Walter Mencken 9 a.m., Oct. 1
It's always an adventure when the Los Angeles Dodgers come to town, and Tuesday was no exception as plenty of Dodgers fans showed up hoping to see the visiting team beat the Padres in San Diego. Fortunately for the Padres, starter Edinson Volquez was a little better than Dodgers starter Josh Beckett, and the Padres held off a late rally by the Dodgers to take a 2-1 victory in the first game of the three-game series.
Volquez was magnificent, scattering 6 hits and 2 walks over seven innings without giving up a run. Beckett made it a good pitcher's duel, surrendering two runs (one unearned) on 5 hits and two walks. And as all good rivalries often portend, things got a little bit chippy at one point in the game.
In the top of the second inning, the Dodgers threatened. With one out, Shane Victorino singled and then stole second base. Luis Cruz then singled to left field, but Chris Denorfia gunned a throw to Yasmani Grandal and Victorino was cut down trying to score.
It remained scoreless until the bottom of the fourth inning, when Logan Forsythe opened the frame with a walk and Chase Headley followed with a single, moving Forsythe to third base. Yasmani Grandal then grounded out but Forsythe scored from third base on the play and the Padres took a 1-0 lead.
The Padres added in the bottom of the fifth inning, when Will Venable opened the frame with a walk. Cameron Maybin then struck out and Edonson Volquez failed to sacrifice bunt Venable after Venable stole second base.
Everth Cabrera then got a bunt single down, and Josh Beckett threw the ball away and Venable scored. The Padres held a 2-0 lead over the Dodgers and Volquez continued to pitch well.
In the bottom of the seventh inning, things got a little heated between the two clubs. With reliever Ronald Belisario on the mound for Los Angeles, Cameron Maybin reached when Belisario committed a throwing error and made it to second base.
After Alexi Amarista flied out, pinch-hitting for Volquez, Everth Cabrera drew a one-out walk. Logan Forsythe then hit into a double play, but as Cabrera slid hard into second, the Dodgers Mark Ellis took exception to Cabrera's effort to break up the double play.
Ellis was hot, Shane Victorino came in from his outfield position to bark about it, Cabrera wasn't about to back down and the benches cleared briefly, but cooler heads prevailed as is what usually happens in baseball. Cabrera did what all good hustling base runners do in that situation and slide hard at the player throwing to first base to try and break up the relay effort, and Ellis did what all good second basemen do and get mad at the prospect of getting spiked in the ankle.
After the players filed back to their prospective dugouts, the game went on, and Padres relievers took over. Joe Thatcher came in to face Andre Eithier in the top of the eighth inning and struck him out, and Padres manager Buddy Black then asked Dale Thayer to take care of the rest of the Dodgers hitter that inning.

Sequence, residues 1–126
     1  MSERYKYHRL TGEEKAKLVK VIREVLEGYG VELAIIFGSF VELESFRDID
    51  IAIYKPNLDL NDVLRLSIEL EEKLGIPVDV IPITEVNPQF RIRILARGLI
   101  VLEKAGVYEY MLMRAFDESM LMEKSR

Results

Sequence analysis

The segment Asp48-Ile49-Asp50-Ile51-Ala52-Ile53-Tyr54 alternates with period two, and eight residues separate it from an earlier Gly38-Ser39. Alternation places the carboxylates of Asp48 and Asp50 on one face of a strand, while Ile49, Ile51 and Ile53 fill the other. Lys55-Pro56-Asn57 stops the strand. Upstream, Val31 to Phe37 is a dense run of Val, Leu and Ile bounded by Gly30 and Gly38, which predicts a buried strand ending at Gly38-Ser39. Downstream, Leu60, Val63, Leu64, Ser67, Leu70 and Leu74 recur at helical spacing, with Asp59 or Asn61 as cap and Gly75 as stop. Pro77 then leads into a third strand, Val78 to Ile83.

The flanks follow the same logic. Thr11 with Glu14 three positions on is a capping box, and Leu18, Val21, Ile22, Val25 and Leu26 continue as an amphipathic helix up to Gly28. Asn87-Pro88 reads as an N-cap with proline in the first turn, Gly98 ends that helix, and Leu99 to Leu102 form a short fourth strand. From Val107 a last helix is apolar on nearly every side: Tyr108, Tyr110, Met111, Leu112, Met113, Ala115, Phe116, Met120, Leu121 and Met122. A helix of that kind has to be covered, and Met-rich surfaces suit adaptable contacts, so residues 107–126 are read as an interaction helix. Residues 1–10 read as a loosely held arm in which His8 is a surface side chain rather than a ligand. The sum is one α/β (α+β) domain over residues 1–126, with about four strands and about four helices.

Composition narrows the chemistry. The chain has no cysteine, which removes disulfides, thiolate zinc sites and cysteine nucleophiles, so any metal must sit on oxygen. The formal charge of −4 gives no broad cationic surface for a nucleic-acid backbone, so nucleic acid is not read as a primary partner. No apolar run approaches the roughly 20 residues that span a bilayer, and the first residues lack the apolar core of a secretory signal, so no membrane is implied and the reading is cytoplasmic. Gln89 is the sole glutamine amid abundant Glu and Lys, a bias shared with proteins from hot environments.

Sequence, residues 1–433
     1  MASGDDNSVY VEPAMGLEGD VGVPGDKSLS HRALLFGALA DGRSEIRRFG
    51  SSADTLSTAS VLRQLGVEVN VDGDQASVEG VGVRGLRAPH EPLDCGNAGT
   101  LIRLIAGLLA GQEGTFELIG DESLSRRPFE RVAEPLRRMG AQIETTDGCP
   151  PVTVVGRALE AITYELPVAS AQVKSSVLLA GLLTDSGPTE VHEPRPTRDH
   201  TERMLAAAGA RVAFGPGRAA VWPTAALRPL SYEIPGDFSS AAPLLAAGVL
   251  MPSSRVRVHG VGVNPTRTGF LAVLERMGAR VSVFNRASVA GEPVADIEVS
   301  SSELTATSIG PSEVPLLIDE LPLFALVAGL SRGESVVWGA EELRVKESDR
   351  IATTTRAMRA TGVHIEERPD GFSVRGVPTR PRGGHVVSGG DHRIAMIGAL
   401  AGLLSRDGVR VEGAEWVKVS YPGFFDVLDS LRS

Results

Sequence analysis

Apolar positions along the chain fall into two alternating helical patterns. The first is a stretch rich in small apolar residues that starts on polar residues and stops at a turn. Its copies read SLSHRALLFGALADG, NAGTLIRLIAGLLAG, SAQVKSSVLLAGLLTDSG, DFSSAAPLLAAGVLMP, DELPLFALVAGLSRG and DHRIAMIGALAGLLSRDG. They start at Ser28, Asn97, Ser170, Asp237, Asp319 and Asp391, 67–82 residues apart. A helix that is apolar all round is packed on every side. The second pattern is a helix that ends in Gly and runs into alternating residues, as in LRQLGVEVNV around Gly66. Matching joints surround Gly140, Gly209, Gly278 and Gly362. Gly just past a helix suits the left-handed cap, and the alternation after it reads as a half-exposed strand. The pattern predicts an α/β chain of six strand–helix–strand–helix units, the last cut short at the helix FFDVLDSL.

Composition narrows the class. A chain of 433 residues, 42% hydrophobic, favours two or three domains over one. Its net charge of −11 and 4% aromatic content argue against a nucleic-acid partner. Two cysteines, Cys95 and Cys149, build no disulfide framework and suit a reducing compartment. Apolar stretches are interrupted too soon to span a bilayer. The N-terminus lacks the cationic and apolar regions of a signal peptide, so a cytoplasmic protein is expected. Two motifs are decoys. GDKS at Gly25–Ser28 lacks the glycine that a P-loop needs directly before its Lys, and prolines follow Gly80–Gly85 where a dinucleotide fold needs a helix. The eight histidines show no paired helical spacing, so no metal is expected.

In the top of the ninth inning, closer Huston Street came in to close out the game and again made things interesting. Luis Cruz opened with a single to right field and A.J. Ellis doubled home Cruz and the Dodgers closed to within 2-1 with no one out.
Dee Gordon pinch-ran for Ellis and Nick Punto pinch-hit for Kenley Jansen and Punto sacrifice bunted Gordon to third base and the Dodgers were set with only one out. Street then walked Mark Ellis to add to the drama, but Andre Ethier struck out and Matt Kemp flied out and the threat was over.
Edinson Volquez evened his record at 11-11 while Josh Beckett fell to 6-14 on the season. Huston Street saved his 23rd game of the year, and the Dodgers fell farther behind in their desperate attempt to catch the St. Louis Cardinals for the final wildcard playoff spot in the National League.
Former Padres first baseman Adrian Gonzalez returned to Petco Park for the first time since leaving the club in a trade with the Boston Red Sox in December of 2010. The Red Sox then traded the slugger to the Dodgers back in late August. Gonzalez was roundly booed louder and louder with every plate appearance. To clear up any misconceptions over whether the negative reception is warranted, it's perfectly acceptable to boo an opposing player, this is what baseball is all about. Gonzalez is a good guy, but he's simply with the wrong team now, so this is what happens and should happen.
Former Padres pitcher Aaron Harang (9-10, 3.80) will go for the Dodgers, facing Clayton Richard (14-12, 3.81) of the Padres on Wednesday afternoon. Game time is, well, already happening, Fox Sports San Diego and XX 1090 AM have the television and radio coverage, respectively. You're either on it or you're not.